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Effective January 4th, Inspira Health facilities are implementing mandatory masking due to increases in respiratory virus positivity rates throughout the area.
When a sugar craving hits, it’s hard to ignore and resist the urge to indulge. However, consuming too much sugar can negatively affect your health, causing many people to turn to artificial sweeteners and other sugar substitutes as lower-calorie alternatives. But are these sweeteners healthier for us? Here’s what you need to know about artificial sweeteners and how they affect us.
Sugar is a simple carbohydrate found naturally in many foods, like fruits, vegetables and dairy products. It’s also added to many processed foods and drinks, including candy, soft drinks and desserts. When we eat sugar, our body breaks it down into glucose, which our cells use for energy.
Sugar substitutes are substances added to foods to replace traditional sugar. They’re typically lower in calories and have less of an effect on blood sugar levels than regular sugar. Some sugar substitutes are natural—like honey, agave and stevia—and others are artificial.
“Artificial sweeteners are a group of sugar substitutes used in a wide range of food and drinks, including soft drinks, desserts and processed foods,” said Diana Wind, Registered Dietitian at Inspira Health. “Most artificial sweeteners are created with chemicals in a lab, designed to mimic the same sweet taste of sugar but with fewer calories.”
Some of the most common artificial sweeteners include:
Sugar alcohols are another category of artificial sweeteners that food manufacturers use to sweeten packaged and processed foods. Some of the most common sugar alcohols are:
“Sugar stimulates areas of the brain connected to addiction and increases your blood sugar,” said Wind. “This surge is followed by a blood sugar drop, causing you to crave even more sugar and carbohydrates creating an addictive loop that’s difficult to break free of.” Artificial sweeteners can be hundreds of times sweeter than sugar, overwhelming your nervous system with dopamine.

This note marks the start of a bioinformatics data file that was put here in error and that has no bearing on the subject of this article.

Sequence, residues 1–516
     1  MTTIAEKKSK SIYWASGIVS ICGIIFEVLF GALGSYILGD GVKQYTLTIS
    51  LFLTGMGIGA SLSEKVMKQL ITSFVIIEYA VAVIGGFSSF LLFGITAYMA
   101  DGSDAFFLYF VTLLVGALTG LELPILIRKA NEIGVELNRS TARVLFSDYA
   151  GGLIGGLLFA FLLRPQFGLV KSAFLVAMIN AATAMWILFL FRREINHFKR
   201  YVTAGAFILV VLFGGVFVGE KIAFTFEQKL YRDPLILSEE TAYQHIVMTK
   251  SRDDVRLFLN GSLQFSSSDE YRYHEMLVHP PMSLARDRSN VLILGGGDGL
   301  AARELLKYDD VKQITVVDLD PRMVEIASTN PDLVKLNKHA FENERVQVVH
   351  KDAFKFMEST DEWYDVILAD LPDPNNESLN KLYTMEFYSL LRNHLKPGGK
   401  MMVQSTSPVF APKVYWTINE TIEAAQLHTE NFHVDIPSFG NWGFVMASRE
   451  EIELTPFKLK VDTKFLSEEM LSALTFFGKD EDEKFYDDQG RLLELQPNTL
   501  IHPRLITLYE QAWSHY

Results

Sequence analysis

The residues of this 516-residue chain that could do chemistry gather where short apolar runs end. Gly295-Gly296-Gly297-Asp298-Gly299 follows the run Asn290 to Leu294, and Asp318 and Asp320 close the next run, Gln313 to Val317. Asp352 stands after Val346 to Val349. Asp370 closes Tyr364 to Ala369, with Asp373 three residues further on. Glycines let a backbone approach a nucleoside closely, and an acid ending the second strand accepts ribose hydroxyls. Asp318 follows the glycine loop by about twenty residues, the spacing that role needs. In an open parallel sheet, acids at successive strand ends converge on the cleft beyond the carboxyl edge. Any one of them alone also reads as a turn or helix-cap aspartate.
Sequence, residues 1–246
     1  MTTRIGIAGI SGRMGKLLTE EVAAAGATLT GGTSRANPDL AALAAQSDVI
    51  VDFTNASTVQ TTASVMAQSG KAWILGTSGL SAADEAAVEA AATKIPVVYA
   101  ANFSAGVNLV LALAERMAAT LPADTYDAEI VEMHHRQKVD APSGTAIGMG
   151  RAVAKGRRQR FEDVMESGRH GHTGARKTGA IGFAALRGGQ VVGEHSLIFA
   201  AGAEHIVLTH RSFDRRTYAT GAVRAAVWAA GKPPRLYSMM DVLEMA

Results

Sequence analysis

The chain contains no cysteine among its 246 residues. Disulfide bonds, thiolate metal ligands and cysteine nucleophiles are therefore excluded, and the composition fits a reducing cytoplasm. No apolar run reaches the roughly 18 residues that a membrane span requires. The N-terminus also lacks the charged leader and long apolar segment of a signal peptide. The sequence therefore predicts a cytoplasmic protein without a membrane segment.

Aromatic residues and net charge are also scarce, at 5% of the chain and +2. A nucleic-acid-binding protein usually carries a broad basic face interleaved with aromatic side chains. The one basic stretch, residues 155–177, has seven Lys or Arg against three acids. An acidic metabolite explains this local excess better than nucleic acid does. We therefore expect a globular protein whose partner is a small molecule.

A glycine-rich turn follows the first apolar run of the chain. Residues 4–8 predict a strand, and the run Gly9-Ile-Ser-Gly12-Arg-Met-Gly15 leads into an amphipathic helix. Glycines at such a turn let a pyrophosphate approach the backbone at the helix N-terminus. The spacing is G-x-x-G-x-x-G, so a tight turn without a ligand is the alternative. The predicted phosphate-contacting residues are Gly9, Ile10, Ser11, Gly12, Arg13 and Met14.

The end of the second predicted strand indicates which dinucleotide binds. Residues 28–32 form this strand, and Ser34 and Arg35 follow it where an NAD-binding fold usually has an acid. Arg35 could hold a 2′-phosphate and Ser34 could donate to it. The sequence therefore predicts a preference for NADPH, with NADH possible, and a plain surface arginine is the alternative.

While some artificial sweeteners can help reduce calorie intake when used in moderation, there are some potential health risks to consider. Some studies have linked artificial sweetener consumption to an increased risk of developing type 2 diabetes, metabolic syndrome and cardiovascular disease. Consuming large amounts of artificial sweeteners can also be bad for your teeth and disrupt the balance of healthy bacteria in your gut and negatively affect your immune system.
Recent research has linked the sugar alcohol erythritol to an increased risk of a major cardiac event, such as a heart attack or stroke. These findings call into question whether other sugar alcohols are safe, and more comprehensive studies are needed to understand how these artificial sweeteners affect the body.
“If you’re looking for a healthier alternative to sugar, your safest bet is avoiding artificial sweeteners and choosing a natural option, like honey, maple syrup, coconut sugar or stevia,” said Wind. “Natural sugars are still carbohydrates, so if you are diabetic be sure to be mindful of your intake. Many fruits, including bananas, mangoes and pineapple also contain natural sugars.” Our bodies don’t process natural sugars as fast as table sugar or artificial sugars, so you can enjoy them without overwhelming your system.
Inspira offers interactive nutrition counseling for the entire family, helping you set and achieve goals that improve your overall health and wellness. Make an appointment with one of our registered dieticians and develop a nutrition strategy that fits into your lifestyle.
Inspira Health is a high reliability organization (HRO), which means safety is the top priority for patients and staff. To make an appointment, call 1-800-INSPIRA.
The material set forth in this site in no way seeks to diagnose or treat illness or to serve as a substitute for professional medical care. Please speak with your health care provider if you have a health concern or if you are considering adopting any exercise program or dietary guidelines. For permission to reprint any portion of this website or to be removed from a notification list, please contact us at (856) 537-6772